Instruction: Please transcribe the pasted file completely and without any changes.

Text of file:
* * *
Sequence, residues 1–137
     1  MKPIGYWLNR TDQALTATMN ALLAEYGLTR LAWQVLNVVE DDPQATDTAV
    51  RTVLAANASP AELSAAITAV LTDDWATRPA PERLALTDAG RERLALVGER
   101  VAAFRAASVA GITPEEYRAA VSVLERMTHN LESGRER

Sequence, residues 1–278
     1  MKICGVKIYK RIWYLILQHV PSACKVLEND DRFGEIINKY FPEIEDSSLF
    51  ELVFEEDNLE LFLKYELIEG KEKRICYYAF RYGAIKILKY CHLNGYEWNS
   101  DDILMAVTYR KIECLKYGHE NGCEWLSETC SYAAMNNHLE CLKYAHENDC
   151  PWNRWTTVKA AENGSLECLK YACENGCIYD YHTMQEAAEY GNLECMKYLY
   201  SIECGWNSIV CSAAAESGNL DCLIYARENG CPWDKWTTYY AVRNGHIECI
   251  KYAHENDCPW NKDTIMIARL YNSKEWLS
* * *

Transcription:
Sequence, residues 1–137
     1  MKPIGYWLNR TDQALTATMN ALLAEYGLTR LAWQVLNVVE DDPQATDTAV
    51  RTVLAANASP AELSAAITAV LTDDWATRPA PERLALTDAG RERLALVGER
   101  VAAFRAASVA GITPEEYRAA VSVLERMTHN LESGRER

Sequence, residues 1–278
     1  MKICGVKIYK RIWYLILQHV PSACKVLEND DRFGEIINKY FPEIEDSSLF
    51  ELVFEEDNLE LFLKYELIEG KEKRICYYAF RYGAIKILKY CHLNGYEWNS
   101  DDILMAVTYR KIECLKYGHE NGCEWLSETC SYAAMNNHLE CLKYAHENDC
   151  PWNRWTTVKA AENGSLECLK YACENGCIYD YHTMQEAAEY GNLECMKYLY
   201  SIECGWNSIV CSAAAESGNL DCLIYARENG CPWDKWTTYY AVRNGHIECI
   251  KYAHENDCPW NKDTIMIARL YNSKEWLS